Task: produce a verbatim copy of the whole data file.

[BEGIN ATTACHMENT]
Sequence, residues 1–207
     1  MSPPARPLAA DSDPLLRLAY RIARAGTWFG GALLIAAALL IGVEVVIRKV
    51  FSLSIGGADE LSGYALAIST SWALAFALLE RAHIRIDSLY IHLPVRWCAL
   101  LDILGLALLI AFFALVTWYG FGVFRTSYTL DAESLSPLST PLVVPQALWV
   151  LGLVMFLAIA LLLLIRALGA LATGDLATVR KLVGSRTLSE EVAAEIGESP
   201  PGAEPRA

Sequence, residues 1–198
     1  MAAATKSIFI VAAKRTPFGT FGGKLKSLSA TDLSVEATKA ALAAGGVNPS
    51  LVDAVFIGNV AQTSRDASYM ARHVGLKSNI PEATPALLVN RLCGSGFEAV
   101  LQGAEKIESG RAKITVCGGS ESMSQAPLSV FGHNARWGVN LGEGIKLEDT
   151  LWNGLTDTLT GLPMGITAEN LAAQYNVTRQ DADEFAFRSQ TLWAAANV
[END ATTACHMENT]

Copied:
Sequence, residues 1–207
     1  MSPPARPLAA DSDPLLRLAY RIARAGTWFG GALLIAAALL IGVEVVIRKV
    51  FSLSIGGADE LSGYALAIST SWALAFALLE RAHIRIDSLY IHLPVRWCAL
   101  LDILGLALLI AFFALVTWYG FGVFRTSYTL DAESLSPLST PLVVPQALWV
   151  LGLVMFLAIA LLLLIRALGA LATGDLATVR KLVGSRTLSE EVAAEIGESP
   201  PGAEPRA

Sequence, residues 1–198
     1  MAAATKSIFI VAAKRTPFGT FGGKLKSLSA TDLSVEATKA ALAAGGVNPS
    51  LVDAVFIGNV AQTSRDASYM ARHVGLKSNI PEATPALLVN RLCGSGFEAV
   101  LQGAEKIESG RAKITVCGGS ESMSQAPLSV FGHNARWGVN LGEGIKLEDT
   151  LWNGLTDTLT GLPMGITAEN LAAQYNVTRQ DADEFAFRSQ TLWAAANV